CALLS have mounted for Glasgow to get heroin on the NHS and supervised injecting facilities as the city's drug deaths hit a record high.

Fully 157 people - many older addicts - died of their habit in the city last year, more than double the figure 10 years ago.

Across Scotland there was also a record high, 706, also twice as many as in 2005. Nearly three-quarters of the 706 people who lost their lives were over 35 as, in a long-standing trend, the country lost parents and grandparents rather than children to drugs.

Experts warned that Scotland has been slow to adopt policies that have reduced deaths overseas.

Local health and council officials in Glasgow have signalled that they want to open the country's first supervised injection rooms, facilities sometimes called "shooting galleries".

Such systems have saved hundreds of lives across Europe but have faced political opposition in Scotland from politicians who think drugs are a "lifestyle" choice.

Dave Liddell of the Glasgow-based Scottish Drugs Forum stressed there was no need for quite so many Scots to die. He said: "The increase in fatal drug overdoses is a wake-up call to redouble efforts to reduce this tragic and largely preventable loss of life.

A significant share of the national increase in drug overdose deaths is in Glasgow. This figure, along with the rise in HIV infection rates among drug injectors, reinforces the need for Glasgow to look at developing new services and approaches to the most vulnerable people in the city. Saving lives should be the main aim of our services.

" Once we have made sure people can survive, we can work with them to address whatever issues they may have and help people make progress in their lives.

"We fully support the development of both Heroin Assisted Treatment and Safer Injecting Facilities in Glasgow as they are part of a response that will reduce these terrible numbers of drug-related deaths.

"The deaths announced today are individual tragedies for those who have died and for their friends and family. The impact of a death on parents, partners and children can be devastating. These deaths are also a national tragedy for Scotland.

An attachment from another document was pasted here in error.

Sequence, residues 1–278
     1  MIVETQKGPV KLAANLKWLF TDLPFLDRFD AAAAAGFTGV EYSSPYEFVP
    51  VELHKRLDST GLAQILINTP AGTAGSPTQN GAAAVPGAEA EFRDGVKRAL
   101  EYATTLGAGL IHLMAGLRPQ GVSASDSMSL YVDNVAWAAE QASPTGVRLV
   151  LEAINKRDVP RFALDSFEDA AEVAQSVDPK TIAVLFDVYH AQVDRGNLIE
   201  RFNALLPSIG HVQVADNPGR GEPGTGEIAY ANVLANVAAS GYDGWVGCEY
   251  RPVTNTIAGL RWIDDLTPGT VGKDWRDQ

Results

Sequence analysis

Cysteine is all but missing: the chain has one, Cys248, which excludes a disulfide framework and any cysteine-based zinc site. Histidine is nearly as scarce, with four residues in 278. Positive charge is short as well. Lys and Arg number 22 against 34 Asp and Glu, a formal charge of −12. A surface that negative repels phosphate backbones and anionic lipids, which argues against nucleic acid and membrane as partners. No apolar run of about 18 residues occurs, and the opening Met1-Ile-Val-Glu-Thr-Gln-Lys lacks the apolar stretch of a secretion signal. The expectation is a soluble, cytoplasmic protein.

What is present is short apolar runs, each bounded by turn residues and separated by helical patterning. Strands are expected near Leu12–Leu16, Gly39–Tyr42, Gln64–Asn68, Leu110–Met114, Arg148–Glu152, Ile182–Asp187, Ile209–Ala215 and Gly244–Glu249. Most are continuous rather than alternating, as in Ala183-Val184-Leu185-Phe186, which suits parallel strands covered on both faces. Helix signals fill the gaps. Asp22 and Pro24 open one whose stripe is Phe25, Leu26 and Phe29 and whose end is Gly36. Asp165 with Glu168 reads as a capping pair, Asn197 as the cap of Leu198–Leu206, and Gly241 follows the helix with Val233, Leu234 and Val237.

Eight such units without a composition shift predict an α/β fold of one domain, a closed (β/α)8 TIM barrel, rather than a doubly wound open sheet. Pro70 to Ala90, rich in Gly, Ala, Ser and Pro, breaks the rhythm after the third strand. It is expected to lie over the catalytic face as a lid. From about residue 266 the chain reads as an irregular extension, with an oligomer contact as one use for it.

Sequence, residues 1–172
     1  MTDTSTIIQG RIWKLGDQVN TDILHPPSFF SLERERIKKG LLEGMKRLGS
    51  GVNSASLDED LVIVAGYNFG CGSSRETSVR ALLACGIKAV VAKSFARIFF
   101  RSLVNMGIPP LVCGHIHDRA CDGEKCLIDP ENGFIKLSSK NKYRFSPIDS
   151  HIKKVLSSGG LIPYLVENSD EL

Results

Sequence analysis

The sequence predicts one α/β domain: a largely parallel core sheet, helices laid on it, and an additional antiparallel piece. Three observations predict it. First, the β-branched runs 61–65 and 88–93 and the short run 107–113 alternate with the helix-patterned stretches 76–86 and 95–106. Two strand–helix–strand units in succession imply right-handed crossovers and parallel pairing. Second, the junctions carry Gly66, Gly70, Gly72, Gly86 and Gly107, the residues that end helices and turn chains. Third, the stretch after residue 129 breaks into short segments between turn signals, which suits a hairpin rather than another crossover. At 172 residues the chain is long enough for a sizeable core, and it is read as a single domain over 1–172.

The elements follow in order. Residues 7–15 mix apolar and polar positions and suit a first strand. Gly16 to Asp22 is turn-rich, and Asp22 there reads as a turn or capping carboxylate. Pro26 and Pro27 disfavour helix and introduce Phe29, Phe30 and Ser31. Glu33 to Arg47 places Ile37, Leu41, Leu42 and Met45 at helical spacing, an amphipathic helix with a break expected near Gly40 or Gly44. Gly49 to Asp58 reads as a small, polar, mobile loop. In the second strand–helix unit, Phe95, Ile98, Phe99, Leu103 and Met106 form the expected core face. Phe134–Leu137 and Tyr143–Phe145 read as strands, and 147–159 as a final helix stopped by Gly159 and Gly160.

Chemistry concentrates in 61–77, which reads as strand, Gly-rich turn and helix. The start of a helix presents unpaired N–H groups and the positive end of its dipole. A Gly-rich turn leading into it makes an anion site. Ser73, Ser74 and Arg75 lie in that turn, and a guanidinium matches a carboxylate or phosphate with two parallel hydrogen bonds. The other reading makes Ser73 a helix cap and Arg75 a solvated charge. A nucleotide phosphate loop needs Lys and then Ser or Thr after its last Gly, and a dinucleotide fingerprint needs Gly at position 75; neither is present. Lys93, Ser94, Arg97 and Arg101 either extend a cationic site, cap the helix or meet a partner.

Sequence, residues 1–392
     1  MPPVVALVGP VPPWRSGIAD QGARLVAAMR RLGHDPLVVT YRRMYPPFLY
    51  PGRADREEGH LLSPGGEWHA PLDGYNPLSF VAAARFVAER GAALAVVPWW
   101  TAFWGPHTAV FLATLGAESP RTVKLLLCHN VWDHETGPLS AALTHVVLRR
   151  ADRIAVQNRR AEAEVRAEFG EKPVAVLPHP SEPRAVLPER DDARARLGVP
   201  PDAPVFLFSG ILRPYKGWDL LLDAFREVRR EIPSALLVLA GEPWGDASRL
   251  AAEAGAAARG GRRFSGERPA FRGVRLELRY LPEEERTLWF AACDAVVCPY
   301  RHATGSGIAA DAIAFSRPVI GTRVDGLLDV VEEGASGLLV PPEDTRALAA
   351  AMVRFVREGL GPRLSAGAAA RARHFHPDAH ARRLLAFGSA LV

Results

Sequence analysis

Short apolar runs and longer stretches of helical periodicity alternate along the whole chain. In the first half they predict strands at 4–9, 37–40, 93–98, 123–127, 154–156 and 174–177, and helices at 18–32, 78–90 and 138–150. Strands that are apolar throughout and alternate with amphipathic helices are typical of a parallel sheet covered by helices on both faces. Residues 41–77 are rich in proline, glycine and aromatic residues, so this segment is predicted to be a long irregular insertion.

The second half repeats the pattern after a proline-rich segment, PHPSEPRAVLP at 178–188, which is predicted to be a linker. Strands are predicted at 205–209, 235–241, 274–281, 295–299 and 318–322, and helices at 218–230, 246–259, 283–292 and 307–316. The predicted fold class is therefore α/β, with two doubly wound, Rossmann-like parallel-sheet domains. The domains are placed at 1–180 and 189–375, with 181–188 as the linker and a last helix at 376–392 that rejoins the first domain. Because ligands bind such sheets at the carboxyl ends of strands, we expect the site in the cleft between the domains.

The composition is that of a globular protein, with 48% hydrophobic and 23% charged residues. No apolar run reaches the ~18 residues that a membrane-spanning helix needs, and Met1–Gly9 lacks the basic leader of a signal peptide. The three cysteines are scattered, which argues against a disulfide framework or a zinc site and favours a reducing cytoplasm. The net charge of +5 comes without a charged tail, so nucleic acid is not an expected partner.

These are the ultimate indicators of Scotland’s health inequalities.

"The deaths are heavily concentrated in our poorest communities and if you look behind the lives of most people who have died you will find a life of disadvantage often starting with a troubled early life."

Heroin remains the big killer. Opiates overall accounted for more than 600 of the more than 700 who lost their lives. Only three deaths were solely attributed to new psychoactive substances, the drugs previously referred to as legal highs.

Addaction, the charity providing more services to drug users than anyone else, stressed cutbacks were hurting. A spokeswoman said: "As drug deaths rise, the provision of fixed site needle exchanges has fallen. These were often the entry point for people to engage in treatment. Indeed we welcome plans to pilot and evaluate drug consumption rooms as part of a renewed harm reduction approach.

"The situation of increasing drug related deaths is not helped by the uncertainty of current and future funding of services. Across Addaction we are concerned when essential services like ours are often being asked to make efficiency savings of around 20 per cent."

Deaths were concentrated in Scotland's poorest area with Greater Glasgow - which has more than 20,000 off the country';s more than 60,000 problem drugs users - losing 221 people, nearly a third of the total. Lanarkshire lost another 73 lives, 10 per cent of the total.